Michael's report demonstrated excellence in engineering. The safety related issues were complex and required an understanding of both software and hardware factors. This was a good example of a VIES Award.

SUMMER 2018: IEEE Victoria recipient: Mak Rokic

Mak Rokic (civil engineering) worked for Defence Construction Canada and wrote a work term report on the topic of "Remediate Rock Fall Hazard." His work term report had a well laid out comparison of potential solutions. There appeared to be only one option that didn't violate unacceptable risks well summarized in report. This is good benefit for the client. The report showed a careful analysis with a solution that made sense for everyone.

SUMMER 2018: Iron Ring Camp 23 recipient: Courtney Toney

Courtney Toney (mechanical engineering) worked for NCS Multistage and wrote a work term report titled "Positional Locking in NCS Ball Drop Sleeve". This was very challenging and a complicated problem to solve given the downhole constraints. A completed weighted chart was derived to compare options  recommending a compact sawtooth and interference brake for the ball drop sleeve.

SUMMER 2018: Vancouver Island Engineering Society (VIES) recipient: Sema-May Hamidi

Sema-May Hamidi (mechanical engineering) worked for NorLand Ltd. and wrote a work term report on the topic of "Mechanism Analysis for Capacity Increase LOCK-N-SAFE Bin Arrest System". It was an excellent and professional technical report.

SPRING 201: IEEE Victoria recipient: Austin Smith

Austin Smith (software engineering) was selected by IEEE Victoria for his work term report about his work term with the Canadian Forces Maritime Experimental and Test Ranges (CFMETR) in Nanoose Bay.

Austin prepared a well written report that demonstrated both professional analysis and communication skills. His conclusions and recommendations for strategies to upgrade the real-time GPS demodulation LabVIEW application will be of tangible benefit to the Canadian Forces Maritime Experimental and test Ranges Acoustics Section.

SPRING 2018: Iron Ring Camp 23 recipient: Rhye Rolls-DeWolfe

Rhye Rolls-DeWolfe (mechanical engineering) was selected by Iron Ring Camp 23 for his work term report about his time working with Ocean Networks Canada in Victoria, BC.

Rhye's report followed a clear goal of increasing the efficiency of designing housing projects. Both business and engineering analyses were employed to demonstrate the value of using excel spreadsheets in the design process. These findings created a clear benefit to ONC that coud be implemented following the report's recommendations.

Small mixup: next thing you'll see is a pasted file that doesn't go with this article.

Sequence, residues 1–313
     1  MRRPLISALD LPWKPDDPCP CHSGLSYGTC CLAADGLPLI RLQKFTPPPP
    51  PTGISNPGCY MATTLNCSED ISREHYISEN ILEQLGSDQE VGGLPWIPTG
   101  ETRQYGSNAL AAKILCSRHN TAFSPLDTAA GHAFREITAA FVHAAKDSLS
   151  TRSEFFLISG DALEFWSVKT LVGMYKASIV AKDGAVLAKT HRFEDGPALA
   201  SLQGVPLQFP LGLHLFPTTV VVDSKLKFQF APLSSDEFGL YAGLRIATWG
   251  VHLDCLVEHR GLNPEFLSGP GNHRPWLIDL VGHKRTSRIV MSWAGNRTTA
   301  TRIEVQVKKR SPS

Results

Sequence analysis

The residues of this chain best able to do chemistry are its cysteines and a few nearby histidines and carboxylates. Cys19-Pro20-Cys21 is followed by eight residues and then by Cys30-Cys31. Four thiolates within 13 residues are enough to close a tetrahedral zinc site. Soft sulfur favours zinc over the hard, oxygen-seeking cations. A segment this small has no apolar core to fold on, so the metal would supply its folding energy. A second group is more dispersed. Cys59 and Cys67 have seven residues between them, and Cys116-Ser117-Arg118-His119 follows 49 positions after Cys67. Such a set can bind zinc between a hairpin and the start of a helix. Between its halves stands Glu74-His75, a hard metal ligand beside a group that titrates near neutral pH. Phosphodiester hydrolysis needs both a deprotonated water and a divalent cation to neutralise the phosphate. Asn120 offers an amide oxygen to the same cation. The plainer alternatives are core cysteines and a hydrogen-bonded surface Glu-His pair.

FALL 2017: IEEE Victoria recipient: Kian Gorgichuk

Kian Gorgichuk (software engineering) was selected by IEEE Victoria for his work term report about his work term with Latitude Geographics.

Kian's work term report was very well written, concise, clear and easy to follow.  The logical workplan led to well thought out recommendations including business considerations.  Not only was there excellence in communication but also significant impact for the client

FALL 2017: Iron Ring Camp 23 recipient: Brett Nagy

Brett Nagy (civil engineering) was selected by Iron Ring Camp 23 for his work term report about his time working with the City of Prince George.

Brett's report was well laid out and easy to follow. An evidenced based approach was used to make practical recommendations to the City of Prince George including both financial, environmental and social impacts.

SUMMER 2017: IEEE Victoria recipient: Ryan Chan

Ryan Chan (biomedical engineering) was selected by IEEE Victoria for his work term report about his Entrepreneurial Co-op.

Ryan undertook a demanding project in human factors assessment, a field that he had no previous direct training in. His report was written methodically so that the results could be reproduced and practical recommendations were provided a client and a manufacturer. Ryan's report was a strong example of the communications skills encouraged by the IEEE award.

SUMMER 2017: Iron Ring Camp 23 recipient: Matt Dyck

Matt Dyck (mechanical engineering) was selected by Iron Ring Camp 23 for his work term report about his time working with Vice Design Inc.

Matt undertook a design engineering project that required both materials and structural analysis. In addition, financial considerations were integrated into the final recommendation for the client which resulted in the fabrication of a useful product.

SPRING 2017: IEEE Victoria recipient: Carling Stokes

Carly Stokes (mechanical engineering) was selected by IEEE Victoria for her work term report written while working for Barkley Sound Holdings Ltd.

The report was called "Feasibility of Low Embodied Energy Softwood Lumber Drying Systems on the West Coast of British Columbia".

"Receiving the IEEE co-op work term award has benefited me in a multitude of ways. Not only has it helped instil and confirm a deeper sense of confidence in my communication skills, but also it has encouraged me to continue to develop and foster this skill. It is a great feeling to have someone recognize and acknowledge the dedication and time that you put into a project, but to be able to use that acknowledgment as motivation to improve my skills and also have it contribute monetarily to education fills me with appreciation and gratitude for both the Vancouver Island Engineering Society, IEEE, and all the sponsors who help to provide the funding for these programs and awards."

SPRING 2017: Iron Ring Camp 23 recipient: Sema-May Hamidi

Sema-May Hamidi (mechanical engineering) was selected by Iron Ring Camp 23 for her work term report written while working for CFB Esquimalt - Base Construction Engineering (BCE).

The report was called "Construction of New Building vs Renovating Existing Facilities for Canadian Navy Enhanced Navy Boarding Party & Boat Troop".

"It’s always nice to be rewarded for hard work. The co-op report award was a great opportunity to be recognized for work during my co-op term, and is a valuable addition to my resume in applying for future work."

Forms and resources